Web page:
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Give a combinatorial argument to prove that the number of derangements satisfies the following relation:

$$d_n = (n − 1)(d_{n−1} + d_{n−2})$$

for $n \geq 2$.

I am able to prove this algebraically but not able to see the combinatorial example.

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This is possibly a duplicate of this question. – robjohn Sep 28 '12 at 19:10

This is directly from Wikipedia and I think is understandable enough, and hence I post it here again.

Suppose that there are $n$ persons numbered $1, 2, ..., n$. Let there be n hats also numbered $1, 2, ..., n$. We have to find the number of ways in which no one gets the hat having same number as his/her number. Let us assume that the first person takes hat $i$. There are $n − 1$ ways for the first person to make such a choice. There are now two possibilities, depending on whether or not person $i$ takes hat $1$ in return:

  1. Person $i$ does not take the hat $1$. This case is equivalent to solving the problem with $n − 1$ persons $n − 1$ hats: each of the remaining $n − 1$ people has precisely $1$ forbidden choice from among the remaining $n − 1$ hats ($i$'s forbidden choice is hat $1$).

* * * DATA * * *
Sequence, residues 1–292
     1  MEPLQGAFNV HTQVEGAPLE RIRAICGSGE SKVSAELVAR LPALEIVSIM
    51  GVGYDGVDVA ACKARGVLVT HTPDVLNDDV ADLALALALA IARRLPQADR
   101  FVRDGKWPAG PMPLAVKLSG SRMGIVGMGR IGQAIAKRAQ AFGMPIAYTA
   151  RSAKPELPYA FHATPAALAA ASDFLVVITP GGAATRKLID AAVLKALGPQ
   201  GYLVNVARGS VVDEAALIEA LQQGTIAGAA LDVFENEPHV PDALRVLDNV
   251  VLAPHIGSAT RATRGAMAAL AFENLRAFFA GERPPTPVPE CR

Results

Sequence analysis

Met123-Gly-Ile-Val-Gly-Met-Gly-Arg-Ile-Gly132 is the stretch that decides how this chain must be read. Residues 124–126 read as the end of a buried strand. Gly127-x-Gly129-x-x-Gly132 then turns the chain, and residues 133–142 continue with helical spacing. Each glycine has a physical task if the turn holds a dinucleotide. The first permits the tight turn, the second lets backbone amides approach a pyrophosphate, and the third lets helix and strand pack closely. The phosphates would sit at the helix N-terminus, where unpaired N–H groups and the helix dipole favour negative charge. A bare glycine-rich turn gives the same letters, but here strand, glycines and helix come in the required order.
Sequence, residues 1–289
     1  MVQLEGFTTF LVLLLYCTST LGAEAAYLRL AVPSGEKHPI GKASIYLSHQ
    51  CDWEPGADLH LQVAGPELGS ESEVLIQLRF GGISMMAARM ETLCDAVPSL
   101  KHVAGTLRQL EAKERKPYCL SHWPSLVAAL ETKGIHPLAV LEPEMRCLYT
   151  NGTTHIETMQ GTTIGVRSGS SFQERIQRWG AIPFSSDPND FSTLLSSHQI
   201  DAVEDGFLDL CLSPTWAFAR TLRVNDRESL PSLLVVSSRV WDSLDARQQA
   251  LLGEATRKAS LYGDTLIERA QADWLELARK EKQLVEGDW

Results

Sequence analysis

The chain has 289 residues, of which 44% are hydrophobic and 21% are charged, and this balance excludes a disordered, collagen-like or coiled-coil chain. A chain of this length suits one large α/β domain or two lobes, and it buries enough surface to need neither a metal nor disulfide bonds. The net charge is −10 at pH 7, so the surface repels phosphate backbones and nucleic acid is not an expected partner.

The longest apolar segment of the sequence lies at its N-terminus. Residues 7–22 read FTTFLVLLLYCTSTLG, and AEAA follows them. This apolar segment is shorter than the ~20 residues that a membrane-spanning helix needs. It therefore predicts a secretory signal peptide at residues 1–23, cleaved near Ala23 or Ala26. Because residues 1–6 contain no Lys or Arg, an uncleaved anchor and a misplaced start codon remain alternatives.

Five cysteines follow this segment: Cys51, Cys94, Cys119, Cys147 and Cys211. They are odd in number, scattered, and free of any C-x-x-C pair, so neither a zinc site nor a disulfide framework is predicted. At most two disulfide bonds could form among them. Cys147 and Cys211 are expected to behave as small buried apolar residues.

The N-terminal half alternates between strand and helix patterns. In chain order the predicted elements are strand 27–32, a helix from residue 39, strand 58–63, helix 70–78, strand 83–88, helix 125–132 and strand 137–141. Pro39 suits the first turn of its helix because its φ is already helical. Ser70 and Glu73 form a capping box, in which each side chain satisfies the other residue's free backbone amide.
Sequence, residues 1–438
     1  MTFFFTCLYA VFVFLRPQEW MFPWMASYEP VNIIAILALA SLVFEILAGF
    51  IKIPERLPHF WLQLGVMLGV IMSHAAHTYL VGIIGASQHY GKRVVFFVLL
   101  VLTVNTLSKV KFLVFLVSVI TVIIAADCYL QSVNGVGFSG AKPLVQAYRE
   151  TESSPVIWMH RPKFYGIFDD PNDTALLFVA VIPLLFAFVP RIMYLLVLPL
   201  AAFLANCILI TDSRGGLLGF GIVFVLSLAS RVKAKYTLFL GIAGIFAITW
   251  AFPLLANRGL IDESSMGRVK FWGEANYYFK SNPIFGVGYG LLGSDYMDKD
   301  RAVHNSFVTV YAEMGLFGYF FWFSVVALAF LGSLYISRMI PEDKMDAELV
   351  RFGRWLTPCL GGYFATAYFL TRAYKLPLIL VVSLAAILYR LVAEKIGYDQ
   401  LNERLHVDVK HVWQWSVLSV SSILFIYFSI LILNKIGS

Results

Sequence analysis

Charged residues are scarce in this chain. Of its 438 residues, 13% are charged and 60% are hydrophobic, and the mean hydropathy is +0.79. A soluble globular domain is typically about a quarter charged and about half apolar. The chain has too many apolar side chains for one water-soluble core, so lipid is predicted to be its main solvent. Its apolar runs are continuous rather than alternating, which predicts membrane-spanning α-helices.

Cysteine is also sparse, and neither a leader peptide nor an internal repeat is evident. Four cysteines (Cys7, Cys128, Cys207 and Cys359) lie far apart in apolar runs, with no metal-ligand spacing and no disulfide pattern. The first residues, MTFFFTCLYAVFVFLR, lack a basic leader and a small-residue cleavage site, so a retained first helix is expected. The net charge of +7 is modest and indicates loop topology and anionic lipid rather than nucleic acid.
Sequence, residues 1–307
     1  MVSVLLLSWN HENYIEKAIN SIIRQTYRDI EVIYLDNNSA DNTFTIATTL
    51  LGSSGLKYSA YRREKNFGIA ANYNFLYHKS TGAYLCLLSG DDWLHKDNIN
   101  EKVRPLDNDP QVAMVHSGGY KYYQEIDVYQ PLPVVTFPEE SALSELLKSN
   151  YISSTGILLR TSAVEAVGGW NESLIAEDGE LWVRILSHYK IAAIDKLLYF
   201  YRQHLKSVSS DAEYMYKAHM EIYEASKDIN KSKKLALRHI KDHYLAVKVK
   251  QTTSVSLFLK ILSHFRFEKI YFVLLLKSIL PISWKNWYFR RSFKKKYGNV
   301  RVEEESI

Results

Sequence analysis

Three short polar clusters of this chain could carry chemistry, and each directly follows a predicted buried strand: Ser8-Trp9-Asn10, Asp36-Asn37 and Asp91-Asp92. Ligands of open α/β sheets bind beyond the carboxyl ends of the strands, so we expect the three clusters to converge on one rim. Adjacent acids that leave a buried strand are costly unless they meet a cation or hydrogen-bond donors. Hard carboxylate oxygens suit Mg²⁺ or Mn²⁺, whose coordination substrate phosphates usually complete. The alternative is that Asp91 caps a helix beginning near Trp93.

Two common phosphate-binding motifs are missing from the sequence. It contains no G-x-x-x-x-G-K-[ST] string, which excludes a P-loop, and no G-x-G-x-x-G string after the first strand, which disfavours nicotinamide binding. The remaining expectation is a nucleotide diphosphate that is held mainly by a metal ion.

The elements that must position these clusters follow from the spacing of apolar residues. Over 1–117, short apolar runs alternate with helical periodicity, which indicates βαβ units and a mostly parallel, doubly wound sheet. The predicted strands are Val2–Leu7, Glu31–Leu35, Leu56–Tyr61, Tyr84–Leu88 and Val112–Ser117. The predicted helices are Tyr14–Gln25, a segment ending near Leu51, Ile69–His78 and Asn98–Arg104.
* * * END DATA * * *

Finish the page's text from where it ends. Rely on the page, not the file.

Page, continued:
2. Person $i$ takes the hat $1$. Now the problem reduces to $n − 2$ persons and $n − 2$ hats.
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This is simply the first method given in this answer. In that answer, three methods for computing the number of derangements are given.

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Suppose that $f:[n]\to[n]$ is a bijection with no fixed points. Then $f(n)\in\lbrace 1,\ldots,n-1\rbrace$. All these cases are the same up to relabelling, so suppose $f(n)=n-1$. Now define $g:[n-1]\to[n-1]$ by $g(x)=f(x)$, unless $f(x)=n$ in which case define $g(x)=n-1$. If $g$ has no fixed points, fine. Otherwise, since $f$ has no fixed points, it must be that $g(n-1)=n-1$, i.e., $f(n-1)=n$. Thus $f$ just swaps $n$ and $n-1$ and $f|_{[n-2]}$ must have no fixed points.

Now just check that each of the terms in your formula are accounted for and nothing is counted twice.

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